FAA’s redrawn airpark policy a ‘better treatment’
The FAA’s revised draft policy on residential through-the-fence access (RTTF) puts forth “a much better treatment” of the issue than earlier proposals, AOPA said in formal comments submitted Oct. 25.
AOPA also continues to point out that the policymaking now in progress on RTTF gives the FAA an opportunity to consider the larger question of encroachment of airports by nonaviation-related development—a problem which imposes tremendous operational and economic constraints at many airports.
The FAA issued its draft revisions in September on RTTF, which gives aircraft owners with homes adjacent to public-use airports access to taxiways and runways from across the airport boundary, such as at residential airparks. RTTF access currently exists at approximately 70 of the 3,400 airports that are eligible for federal airport improvement funds under the National Plan of Integrated Airport Systems (NPIAS).
The draft policy would allow airports with existing RTTF operations to continue or expand them, provided that the airports can meet specific criteria. The draft policy does not allow new airports to provide for RTTF access.
AOPA issued preliminary comments on the revised rule on its publication in September, and continues to urge the FAA to reverse the prohibition on new RTTF access.
“In general AOPA believes that the updated policy is a much better treatment of existing Residential Through-The-Fence access than the previous draft compliance guidance letter from October 2009,” wrote AOPA Vice President of Airports and State Advocacy Greg Pecoraro. He commended the FAA for “carefully and thoughtfully examining the input provided by the aviation community and for making field visits to better understand the nuances of RTTF access as it exists today.”
Pecoraro added that the association does not believe it is necessary, as the draft proposes, to consult the Transportation Security Administration on RTTF access plans, except at a few airports “at which they may have some operational jurisdiction.”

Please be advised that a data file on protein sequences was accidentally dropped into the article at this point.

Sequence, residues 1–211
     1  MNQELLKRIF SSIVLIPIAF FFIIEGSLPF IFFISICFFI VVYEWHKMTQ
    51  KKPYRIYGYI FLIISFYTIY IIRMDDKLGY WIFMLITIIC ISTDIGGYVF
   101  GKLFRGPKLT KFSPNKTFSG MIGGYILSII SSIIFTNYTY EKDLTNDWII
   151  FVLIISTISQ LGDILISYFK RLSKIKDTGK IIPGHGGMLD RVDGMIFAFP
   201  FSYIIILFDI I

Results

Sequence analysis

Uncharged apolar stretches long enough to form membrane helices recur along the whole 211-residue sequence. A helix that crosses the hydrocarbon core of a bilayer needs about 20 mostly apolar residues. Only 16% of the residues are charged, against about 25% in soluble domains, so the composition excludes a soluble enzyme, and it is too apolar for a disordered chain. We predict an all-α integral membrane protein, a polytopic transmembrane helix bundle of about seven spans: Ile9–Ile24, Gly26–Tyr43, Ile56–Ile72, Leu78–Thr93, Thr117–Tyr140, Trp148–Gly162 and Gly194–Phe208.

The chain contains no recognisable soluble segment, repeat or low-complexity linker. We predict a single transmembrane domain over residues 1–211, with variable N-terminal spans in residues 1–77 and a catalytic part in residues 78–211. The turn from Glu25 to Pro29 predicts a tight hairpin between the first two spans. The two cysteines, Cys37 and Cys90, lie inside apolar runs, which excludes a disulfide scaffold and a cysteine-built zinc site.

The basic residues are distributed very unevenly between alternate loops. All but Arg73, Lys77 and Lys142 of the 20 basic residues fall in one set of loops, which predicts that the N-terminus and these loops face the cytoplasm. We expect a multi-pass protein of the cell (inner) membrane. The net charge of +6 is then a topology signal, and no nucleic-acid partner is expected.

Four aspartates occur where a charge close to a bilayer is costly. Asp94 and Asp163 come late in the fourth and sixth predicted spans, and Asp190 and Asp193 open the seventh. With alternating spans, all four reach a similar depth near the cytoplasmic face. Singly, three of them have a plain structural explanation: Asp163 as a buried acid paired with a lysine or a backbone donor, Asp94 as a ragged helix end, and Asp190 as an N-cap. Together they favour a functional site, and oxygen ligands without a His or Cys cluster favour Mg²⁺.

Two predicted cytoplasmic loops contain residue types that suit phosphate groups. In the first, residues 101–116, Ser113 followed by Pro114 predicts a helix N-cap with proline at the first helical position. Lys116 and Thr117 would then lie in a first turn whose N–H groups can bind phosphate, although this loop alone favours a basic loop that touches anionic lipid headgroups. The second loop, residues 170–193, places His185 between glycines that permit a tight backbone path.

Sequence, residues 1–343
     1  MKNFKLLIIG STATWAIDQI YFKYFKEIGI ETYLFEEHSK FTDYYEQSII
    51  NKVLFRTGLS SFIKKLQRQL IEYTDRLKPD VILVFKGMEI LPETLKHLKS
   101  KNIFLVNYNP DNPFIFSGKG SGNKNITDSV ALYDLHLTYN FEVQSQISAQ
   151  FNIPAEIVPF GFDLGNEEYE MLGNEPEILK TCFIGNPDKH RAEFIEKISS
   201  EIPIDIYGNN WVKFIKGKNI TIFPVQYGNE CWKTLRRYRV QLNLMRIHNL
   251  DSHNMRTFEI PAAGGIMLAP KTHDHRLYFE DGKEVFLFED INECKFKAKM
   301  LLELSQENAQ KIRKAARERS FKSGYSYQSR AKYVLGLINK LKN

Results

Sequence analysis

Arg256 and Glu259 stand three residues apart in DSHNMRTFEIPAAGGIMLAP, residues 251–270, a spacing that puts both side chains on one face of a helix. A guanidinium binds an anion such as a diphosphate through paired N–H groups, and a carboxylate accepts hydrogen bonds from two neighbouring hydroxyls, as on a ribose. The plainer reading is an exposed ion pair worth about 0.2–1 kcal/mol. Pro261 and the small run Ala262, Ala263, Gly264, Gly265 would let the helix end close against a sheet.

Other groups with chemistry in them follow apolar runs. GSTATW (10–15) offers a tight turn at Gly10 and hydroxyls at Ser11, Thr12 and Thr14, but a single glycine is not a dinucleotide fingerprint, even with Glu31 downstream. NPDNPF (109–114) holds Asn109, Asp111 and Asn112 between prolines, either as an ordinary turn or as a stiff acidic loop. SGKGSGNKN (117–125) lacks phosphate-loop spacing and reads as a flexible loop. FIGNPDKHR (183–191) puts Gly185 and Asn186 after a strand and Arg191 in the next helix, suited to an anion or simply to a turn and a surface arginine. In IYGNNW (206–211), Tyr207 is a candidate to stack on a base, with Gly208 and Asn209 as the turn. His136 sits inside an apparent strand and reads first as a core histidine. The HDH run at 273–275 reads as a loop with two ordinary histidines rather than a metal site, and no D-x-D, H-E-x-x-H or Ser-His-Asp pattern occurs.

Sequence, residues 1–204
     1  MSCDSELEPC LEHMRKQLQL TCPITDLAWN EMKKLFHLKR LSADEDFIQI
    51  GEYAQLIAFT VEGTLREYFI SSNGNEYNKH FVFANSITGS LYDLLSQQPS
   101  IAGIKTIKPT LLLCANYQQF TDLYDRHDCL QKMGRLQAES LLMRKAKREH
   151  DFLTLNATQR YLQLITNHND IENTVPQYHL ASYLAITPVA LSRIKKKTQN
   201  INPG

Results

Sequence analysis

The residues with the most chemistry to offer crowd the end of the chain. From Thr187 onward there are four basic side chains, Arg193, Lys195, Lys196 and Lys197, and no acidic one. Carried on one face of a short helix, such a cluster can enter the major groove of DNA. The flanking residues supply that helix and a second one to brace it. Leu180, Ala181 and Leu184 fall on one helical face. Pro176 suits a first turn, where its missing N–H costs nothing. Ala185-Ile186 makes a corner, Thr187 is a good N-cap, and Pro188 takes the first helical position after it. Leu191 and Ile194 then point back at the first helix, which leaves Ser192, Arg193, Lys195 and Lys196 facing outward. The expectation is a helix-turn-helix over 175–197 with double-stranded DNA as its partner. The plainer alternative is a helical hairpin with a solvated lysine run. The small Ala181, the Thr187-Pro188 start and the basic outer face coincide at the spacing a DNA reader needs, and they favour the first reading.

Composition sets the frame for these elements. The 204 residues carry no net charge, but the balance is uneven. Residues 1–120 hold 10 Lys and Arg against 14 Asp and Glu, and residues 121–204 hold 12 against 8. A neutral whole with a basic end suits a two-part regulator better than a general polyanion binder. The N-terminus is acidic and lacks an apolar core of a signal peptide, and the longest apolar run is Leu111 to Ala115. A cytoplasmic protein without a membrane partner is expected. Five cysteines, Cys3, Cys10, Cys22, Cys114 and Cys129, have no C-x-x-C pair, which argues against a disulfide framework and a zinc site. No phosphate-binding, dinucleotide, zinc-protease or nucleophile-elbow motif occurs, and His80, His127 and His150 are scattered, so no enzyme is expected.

He urged that RTTF policy ensure better lines of communication between regional FAA offices and airports on specific conditions and timelines for complying with the new policy, in connection with airport improvement projects.
In this AOPA Live® video, Pecoraro detailed the history of the FAA’s two-year review of RTTF. He said a bigger issue was emerging as a result of the RTTF access discussions.
“We think that this whole residential through the fence issue has really helped highlight the larger problem of residential encroachment around airports. And that’s an area where we agree with the FAA very strongly that residential development around airports usually is a problem for the airport,” he said in the interview with AOPA Live Executive Producer Warren Morningstar.
Congress has also taken up the issue, with Rep. Sam Graves (R-Mo.) introducing RTTF legislation. AOPA President Craig Fuller presented the association’s position on RTTF at a Sept. 22 hearing of the House Transportation and Infrastructure Committee.
“There may be circumstances in the future where an agreement to allow such access would bring significant economic development opportunities to the airport without the need for significant federal investment in the airport infrastructure. Such opportunities could be valuable in ensuring the financial health of the airport, and allow it to make its highest contribution to the community,” he said.
The RTTF policy under review does not affect the many private airports with some form of residential access to airport facilities nor does it affect publicly owned airports that have not accepted federal airport development funding, Pecoraro said.
The FAA will review all comments and then issue a final policy.
October 27, 2010